Plasma creatine kinase activity was determined using the CK-UV Ki

Plasma creatine kinase activity was determined using the CK-UV Kit (Bioclin, Brazil). Activity was expressed in units/L, with one unit corresponding to the production of 1 μmol of NADH per min at 30 °C. Negative controls received 50 μL of 1% DMSO-PBS alone. The control group for each sesquiterpene lactone compound received an intramuscular PD-1 antibody inhibitor injection of 50 μL of a solution containing

just 20 μg of each sesquiterpene lactone derivative compound, dissolved in 1% DMSO in PBS (pH 7.2) ( Souza et al., 2008 and Da Silva et al., 2008a). The measurement of the enzymatic activity using the micellar substrate, 1-hexadecanoyl-2-(1-pyrenedecanoyl)-sn-glycero-3-phosphoglycerol (HPGP), was performed through the microtiter plate assay. Each sesquiterpene lactone derivative compound was tested in final concentrations of 0.0, 1.0, 2.0, 3.0 and 4.0 μM. Seven wells of a 96-well microtiter plate were used for each assay, resulting in six measurement repetitions of the enzymatic activity for each final concentration of the inhibitor. Thus, for each assay with different concentrations of the inhibitor, 100 μL of solution A in assay buffer (27 μM bovine serum albumin, 50 mM KCl, 1 mM CaCl2, 50 mM Tris– HCl, pH 8.0) was added to seven wells, followed by the addition of a volume of lactone find more derivative compound (the volume used was according to the assay concentration,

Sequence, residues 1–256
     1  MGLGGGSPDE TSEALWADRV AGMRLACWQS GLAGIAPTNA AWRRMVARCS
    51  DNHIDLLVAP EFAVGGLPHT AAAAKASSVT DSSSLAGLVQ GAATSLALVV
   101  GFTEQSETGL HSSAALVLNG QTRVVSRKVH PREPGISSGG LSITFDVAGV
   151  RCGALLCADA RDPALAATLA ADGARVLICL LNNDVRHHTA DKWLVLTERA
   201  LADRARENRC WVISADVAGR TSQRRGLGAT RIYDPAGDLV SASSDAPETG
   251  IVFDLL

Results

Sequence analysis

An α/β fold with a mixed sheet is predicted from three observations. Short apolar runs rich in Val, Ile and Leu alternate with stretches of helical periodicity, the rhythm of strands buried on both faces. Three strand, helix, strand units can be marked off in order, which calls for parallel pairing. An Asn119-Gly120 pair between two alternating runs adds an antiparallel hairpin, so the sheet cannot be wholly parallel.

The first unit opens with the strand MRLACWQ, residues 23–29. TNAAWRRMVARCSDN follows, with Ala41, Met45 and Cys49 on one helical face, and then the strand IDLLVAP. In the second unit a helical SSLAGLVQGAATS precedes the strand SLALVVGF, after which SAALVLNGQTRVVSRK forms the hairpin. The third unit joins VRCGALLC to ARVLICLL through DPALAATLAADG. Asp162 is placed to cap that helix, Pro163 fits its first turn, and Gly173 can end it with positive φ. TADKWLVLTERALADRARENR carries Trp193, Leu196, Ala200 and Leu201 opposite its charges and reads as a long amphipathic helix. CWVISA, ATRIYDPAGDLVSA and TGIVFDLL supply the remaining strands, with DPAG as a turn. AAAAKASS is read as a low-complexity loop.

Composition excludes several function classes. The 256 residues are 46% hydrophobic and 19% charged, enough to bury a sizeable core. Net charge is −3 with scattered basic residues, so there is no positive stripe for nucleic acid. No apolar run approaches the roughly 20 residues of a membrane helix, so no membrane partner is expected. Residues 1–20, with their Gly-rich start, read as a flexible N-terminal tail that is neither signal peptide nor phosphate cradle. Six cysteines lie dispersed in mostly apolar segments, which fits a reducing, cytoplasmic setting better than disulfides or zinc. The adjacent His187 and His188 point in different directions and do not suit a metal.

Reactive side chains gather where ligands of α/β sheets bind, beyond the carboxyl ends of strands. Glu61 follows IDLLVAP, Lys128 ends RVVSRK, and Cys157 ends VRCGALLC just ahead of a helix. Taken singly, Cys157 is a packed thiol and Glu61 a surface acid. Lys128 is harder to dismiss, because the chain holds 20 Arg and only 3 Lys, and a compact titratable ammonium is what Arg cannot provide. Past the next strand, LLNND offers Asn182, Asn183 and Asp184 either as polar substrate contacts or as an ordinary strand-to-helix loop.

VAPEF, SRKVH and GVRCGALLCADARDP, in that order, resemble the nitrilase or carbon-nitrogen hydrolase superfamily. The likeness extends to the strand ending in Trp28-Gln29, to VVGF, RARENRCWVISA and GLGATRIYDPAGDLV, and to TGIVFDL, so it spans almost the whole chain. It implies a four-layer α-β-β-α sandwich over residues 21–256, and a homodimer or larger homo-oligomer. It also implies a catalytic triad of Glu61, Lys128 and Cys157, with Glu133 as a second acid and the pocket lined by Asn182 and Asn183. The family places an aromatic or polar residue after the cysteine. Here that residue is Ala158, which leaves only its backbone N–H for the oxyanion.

0.0–4.0 μM) dissolved in DMSO. For control reactions, the same volume of DMSO was used Morin Hydrate alone. Solution B had the same composition as that of Solution A, but contained PLA2 (0.5 μg/mL) and was delivered in 100 μL volumes to seven wells, except for the first well. Instead of Solution B, an additional

100 μL-portion of Solution A was added to the first of the seven wells in the assay. Solution B was prepared immediately before each set of assays to avoid loss of enzymatic activity. Quickly, after the addition of Solution B, the assay was initiated by the addition of 0.5–50 μL of Solution C to the seven wells (53 mM HPGP vesicles in assay buffer), with a repeating pipette. The final concentration of HPGP varied from 0.125 to 10 mM. The final volume of the assay was 265 μL and, when necessary, the wells received an extra volume of solution A in order to complete this volume. The fluorescence (excitation = 342 nm, emission = 395 nm) was read with a microtiter plate spectrophotometer (Fluorocount, Packard Instruments). Control reactions without enzyme or inhibitor were run for all assays and the initial velocity was calculated from the initial slope of fluorescence versus time, for each concentration of the substrate used. The significance of differences between groups was evaluated using the Student’s t-test. A P-value <0.05 was considered to be significant ( Da Silva et al., 2008b). The structures of each sesquiterpene lactone derivative compound were submitted to ab initio quantum calculations. In order to select the best conformations, the HyperChem 7.51 software was utilized.